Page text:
In a statement which goes beyond anything senior US leaders have said before, Secretary of state Condoleezza Rice has said it is time for a Palestinian state to be founded, and that the American government will put its full weight behind such efforts.
Dr Rice said reaching a two-state solution was a priority for her and US President George Bush. She was speaking from the West Bank, where she has been trying to get agreement for a peace summit in the United States.
Meanwhile, the BBC reports that Israeli Prime Minister has hinted he may consider giving up Palestinian districts in Jerusalem in a peace deal.
Ehud Olmert told parliament that "legitimate questions" could be asked about the Israeli annexing of outlying Palestinian neighbourhoods in East Jerusalem following the 1967 war.
Palestinians want East Jerusalem as the capital of a future state of Palestine, and the issue is one of the most sensitive and intractable of the Israeli-Palestinian conflict.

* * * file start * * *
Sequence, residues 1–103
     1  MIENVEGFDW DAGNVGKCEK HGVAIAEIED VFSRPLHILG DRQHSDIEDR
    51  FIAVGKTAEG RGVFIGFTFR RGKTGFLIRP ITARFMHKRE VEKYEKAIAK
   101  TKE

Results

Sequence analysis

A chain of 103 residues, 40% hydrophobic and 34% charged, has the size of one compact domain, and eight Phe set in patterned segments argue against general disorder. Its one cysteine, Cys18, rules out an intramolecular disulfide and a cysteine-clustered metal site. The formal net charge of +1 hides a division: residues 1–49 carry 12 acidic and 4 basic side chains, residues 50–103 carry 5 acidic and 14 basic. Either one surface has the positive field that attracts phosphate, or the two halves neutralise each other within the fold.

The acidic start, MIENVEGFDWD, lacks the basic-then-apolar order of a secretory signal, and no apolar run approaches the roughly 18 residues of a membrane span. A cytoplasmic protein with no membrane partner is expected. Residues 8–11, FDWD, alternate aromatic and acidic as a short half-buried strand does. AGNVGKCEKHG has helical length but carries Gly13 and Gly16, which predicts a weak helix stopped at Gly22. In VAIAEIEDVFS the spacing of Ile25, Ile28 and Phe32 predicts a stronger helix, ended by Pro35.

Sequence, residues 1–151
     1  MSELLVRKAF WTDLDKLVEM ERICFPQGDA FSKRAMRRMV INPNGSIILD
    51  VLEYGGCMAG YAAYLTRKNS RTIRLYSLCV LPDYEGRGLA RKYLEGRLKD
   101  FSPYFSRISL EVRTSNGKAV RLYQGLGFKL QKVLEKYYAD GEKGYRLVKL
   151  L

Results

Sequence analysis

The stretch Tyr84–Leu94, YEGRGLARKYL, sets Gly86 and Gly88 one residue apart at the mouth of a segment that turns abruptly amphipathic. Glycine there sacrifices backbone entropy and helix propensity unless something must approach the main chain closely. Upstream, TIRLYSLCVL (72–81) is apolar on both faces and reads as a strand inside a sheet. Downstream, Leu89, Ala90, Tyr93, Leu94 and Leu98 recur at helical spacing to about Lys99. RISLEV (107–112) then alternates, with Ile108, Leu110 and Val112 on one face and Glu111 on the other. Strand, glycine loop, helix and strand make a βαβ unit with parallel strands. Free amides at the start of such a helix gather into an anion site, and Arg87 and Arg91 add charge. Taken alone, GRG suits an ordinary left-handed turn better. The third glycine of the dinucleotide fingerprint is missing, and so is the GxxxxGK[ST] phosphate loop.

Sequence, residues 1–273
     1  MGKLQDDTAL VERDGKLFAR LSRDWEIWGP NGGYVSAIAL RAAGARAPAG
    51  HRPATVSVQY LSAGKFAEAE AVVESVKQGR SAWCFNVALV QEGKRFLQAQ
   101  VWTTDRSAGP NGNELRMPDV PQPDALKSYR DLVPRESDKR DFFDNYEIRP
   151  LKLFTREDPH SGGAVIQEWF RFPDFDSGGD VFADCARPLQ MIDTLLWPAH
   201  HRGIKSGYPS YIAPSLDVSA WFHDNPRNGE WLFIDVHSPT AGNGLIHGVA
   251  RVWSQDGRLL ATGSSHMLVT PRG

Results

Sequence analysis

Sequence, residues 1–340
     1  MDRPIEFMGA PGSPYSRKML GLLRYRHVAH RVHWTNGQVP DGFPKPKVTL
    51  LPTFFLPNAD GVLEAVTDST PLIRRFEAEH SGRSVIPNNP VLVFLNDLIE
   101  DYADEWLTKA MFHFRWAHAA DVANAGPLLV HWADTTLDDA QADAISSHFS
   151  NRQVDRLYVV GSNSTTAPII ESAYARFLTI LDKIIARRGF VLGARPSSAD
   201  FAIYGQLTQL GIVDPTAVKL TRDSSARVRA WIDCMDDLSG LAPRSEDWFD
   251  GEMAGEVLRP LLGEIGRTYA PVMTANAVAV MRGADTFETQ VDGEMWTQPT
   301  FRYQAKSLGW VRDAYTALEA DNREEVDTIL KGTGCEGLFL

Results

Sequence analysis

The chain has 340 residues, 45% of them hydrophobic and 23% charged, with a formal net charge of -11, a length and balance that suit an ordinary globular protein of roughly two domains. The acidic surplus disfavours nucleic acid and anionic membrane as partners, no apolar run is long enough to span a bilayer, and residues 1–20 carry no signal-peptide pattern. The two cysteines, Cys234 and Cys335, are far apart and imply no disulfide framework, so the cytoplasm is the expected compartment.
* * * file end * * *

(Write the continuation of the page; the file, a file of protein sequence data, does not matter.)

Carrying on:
Analysts says that Dr Rice's statement is perhaps the clearest sign of a shift in direction within the United States, but point out that past rhetoric supporting a two-state solution has been undermined by the consistent blocking of any serious political moves which would upset the Israeli government - effectively giving the Israeli administration a veto. This, they say, needs to change.
There are also serious questions about whether the leading role being sought by the US in peace talks is detracting from the need for a Middle East based solution, and concerns about the blocking actions of the US within the Quartet of 'major powers', which has put the United Nations - as a bipartisan international participant - in a difficult position.